Our blog is focused on entertaining and delighting you while keeping you informed on topics about aging in place and successful aging.

A special thank you to Patrick for agreeing to the interview and keep up the good work that you do!

By Victoria Brewster, MSW

Grief/Grieving/Bereavement, News

Grief in Children

Grief in Children 1

Rea L. Ginsberg, LCSW-C, ACSW, BCD- Guest Blogger

In the case of childhood bereavement, the death of a parent, the term “bereaved caregiver” no longer applies.  The tables are turned.  The child is indeed bereaved, but he himself is in need of a caregiver.

It seems senseless to debate which types of grief are the worst.  Which are the hardest to bear.  Every form hurts so very far beyond normal limits, beyond ordinary words.  Profound sadness.  It takes our breath away.  It aches that much.  Every form requires extraordinary coping skills.  Every form holds its hazards.  However, this childhood form does appear to be among the very worst.

“When his parent dies, a child finds himself in a unique situation because of the special nature of his ties to the deceased.   An adult distributes his love among several meaningful relationships – his spouse, parents, children, friends, colleagues – as well as in his work and hobbies.  The child, by contrast, invests almost all his feelings in his parents.  Except in very unusual circumstances, this single relationship is therefore incomparably rich and intense, unlike any close adult relationship.  Only in childhood can death deprive an individual of so much opportunity to love and be loved and face him with so difficult a task of adaptation….The death of a parent engenders a longing of incomparable amount, intensity, and longevity.” 2

The child’s loss of a parent is one of the most difficult forms of bereavement.  The mind of the child is immature.  It is filled with magic, denial, narcissism, and self-reference.  It says he is omnipotent and responsible for all external and internal events.  If he is omnipotent, all-powerful, then his thoughts and/or actions must have caused the death.  “Bad boy!” he imagines.  Furthermore, he may well believe that the dead parent left him because he is unlovable.  He may wonder about, and fear for, his own survival and death.  Annihilation fears.  Reality testing has not been mastered.  Abstract thinking is only embryonic.  The understanding of catastrophe has nothing much to do with reasoning.  It is completely a matter of emotion.  Emotional coping skills are primitive, undeveloped.  He is more likely to express his feelings in physical actions rather than in words.  Hyperactivity is a frequent defense against grief and anxiety.  Adequate, nuanced verbal vocabulary is still narrow and unformed.  The concept of “waiting” is virtually nonexistent.  Postponement of gratification is merely a work in progress.  It is not yet a reality.  All of these are some of the reasons that the bereaved child’s needs are so special.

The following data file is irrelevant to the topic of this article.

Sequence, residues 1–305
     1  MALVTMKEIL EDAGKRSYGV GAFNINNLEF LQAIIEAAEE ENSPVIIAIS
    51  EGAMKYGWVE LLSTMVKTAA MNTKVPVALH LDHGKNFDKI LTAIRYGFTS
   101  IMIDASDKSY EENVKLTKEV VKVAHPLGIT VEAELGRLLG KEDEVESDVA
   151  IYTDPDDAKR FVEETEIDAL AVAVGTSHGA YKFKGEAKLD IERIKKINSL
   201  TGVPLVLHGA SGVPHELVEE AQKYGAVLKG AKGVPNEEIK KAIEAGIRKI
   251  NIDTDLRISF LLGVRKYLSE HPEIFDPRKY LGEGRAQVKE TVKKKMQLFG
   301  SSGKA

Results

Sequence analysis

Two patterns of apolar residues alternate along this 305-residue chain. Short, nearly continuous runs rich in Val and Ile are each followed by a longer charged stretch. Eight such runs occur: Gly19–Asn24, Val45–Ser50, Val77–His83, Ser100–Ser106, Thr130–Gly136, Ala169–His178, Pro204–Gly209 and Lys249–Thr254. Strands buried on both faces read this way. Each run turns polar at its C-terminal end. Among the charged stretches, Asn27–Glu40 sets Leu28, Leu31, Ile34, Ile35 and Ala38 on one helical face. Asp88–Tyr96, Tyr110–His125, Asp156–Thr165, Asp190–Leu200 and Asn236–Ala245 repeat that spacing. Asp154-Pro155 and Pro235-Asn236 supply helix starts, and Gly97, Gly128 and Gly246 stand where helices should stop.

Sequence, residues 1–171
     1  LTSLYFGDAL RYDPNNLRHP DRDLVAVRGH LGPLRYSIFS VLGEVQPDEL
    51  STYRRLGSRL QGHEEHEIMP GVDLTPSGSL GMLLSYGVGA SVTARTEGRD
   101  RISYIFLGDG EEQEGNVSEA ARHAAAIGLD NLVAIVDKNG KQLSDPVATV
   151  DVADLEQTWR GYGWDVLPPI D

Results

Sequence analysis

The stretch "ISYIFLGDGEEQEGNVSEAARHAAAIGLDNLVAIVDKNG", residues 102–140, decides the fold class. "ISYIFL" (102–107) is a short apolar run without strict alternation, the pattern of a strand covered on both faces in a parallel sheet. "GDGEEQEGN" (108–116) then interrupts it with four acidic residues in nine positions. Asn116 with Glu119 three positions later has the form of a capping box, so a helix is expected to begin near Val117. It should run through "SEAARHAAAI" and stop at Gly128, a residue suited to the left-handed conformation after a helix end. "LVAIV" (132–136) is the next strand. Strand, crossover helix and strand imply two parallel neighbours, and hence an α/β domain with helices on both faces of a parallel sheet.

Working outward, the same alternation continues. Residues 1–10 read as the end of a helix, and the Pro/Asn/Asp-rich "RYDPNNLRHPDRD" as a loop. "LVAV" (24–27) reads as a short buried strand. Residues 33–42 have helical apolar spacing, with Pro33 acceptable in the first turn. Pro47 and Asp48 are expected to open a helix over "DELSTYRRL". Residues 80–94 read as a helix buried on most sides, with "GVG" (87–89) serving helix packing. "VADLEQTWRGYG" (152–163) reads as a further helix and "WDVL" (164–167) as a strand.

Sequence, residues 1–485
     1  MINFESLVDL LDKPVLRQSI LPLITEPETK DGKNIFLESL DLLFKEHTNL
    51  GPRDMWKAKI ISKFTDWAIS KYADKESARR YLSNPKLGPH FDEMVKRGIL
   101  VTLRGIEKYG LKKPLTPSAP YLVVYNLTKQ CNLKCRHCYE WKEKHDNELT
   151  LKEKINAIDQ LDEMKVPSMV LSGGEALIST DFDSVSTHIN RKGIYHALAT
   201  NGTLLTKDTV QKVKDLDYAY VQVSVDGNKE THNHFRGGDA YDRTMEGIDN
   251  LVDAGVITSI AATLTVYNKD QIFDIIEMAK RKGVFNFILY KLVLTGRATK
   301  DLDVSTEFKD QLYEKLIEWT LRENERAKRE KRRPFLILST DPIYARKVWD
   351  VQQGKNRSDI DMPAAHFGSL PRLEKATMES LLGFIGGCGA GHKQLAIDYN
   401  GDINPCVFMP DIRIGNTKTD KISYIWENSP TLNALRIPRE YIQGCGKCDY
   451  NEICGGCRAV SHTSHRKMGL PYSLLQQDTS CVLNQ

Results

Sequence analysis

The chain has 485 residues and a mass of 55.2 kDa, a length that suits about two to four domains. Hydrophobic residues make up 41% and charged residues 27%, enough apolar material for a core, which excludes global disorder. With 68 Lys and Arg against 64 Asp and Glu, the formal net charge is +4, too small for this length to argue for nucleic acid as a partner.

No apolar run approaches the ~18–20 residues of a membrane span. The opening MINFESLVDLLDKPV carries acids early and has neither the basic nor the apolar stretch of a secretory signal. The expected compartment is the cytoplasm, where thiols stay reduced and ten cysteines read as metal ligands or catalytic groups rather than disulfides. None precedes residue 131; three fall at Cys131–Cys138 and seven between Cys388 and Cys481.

“The ability to love – like other human faculties – has to be learned and practiced.  Wherever, through the absence of or the interruption of personal ties, this opportunity is missing in childhood, all later relationships will develop weakly, will remain shallow.  The opposite of this ability to love is not hate, but egoism.  The feelings which should go to the outside objects remain inside the individual and are used up in self-love.  This is not what we want to produce.”3

Death makes no sense in these formative years.  The child’s experience tells him: an object which disappears may eventually reappear.  Fear tells him otherwise.  Separation anxiety is intense.  This thought of reappearance co-exists with the fear and outrage of abandonment.  Fear of – and outrage about – abandonment become a sustained, screaming, breathless reality in the case of death.  The loss is far-reaching.  Recovery is arduous, exhausting, and hard to accomplish.  The death of a parent is life-altering on a permanent basis.  It is a severe emotional wound.  It is traumatic.

“Although we know that, after such a loss, acute mourning will subside, we also know that a part of us shall remain inconsolable and never find a substitute.  No matter what we believe may fill the gap…we will nevertheless remain changed forever…” 4